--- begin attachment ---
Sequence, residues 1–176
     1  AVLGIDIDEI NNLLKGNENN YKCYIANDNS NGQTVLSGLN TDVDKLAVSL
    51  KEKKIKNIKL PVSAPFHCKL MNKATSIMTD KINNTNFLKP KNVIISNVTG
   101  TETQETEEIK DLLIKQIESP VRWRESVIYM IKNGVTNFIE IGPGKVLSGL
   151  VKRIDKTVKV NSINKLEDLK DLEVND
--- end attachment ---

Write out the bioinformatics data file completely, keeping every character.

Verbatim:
Sequence, residues 1–176
     1  AVLGIDIDEI NNLLKGNENN YKCYIANDNS NGQTVLSGLN TDVDKLAVSL
    51  KEKKIKNIKL PVSAPFHCKL MNKATSIMTD KINNTNFLKP KNVIISNVTG
   101  TETQETEEIK DLLIKQIESP VRWRESVIYM IKNGVTNFIE IGPGKVLSGL
   151  VKRIDKTVKV NSINKLEDLK DLEVND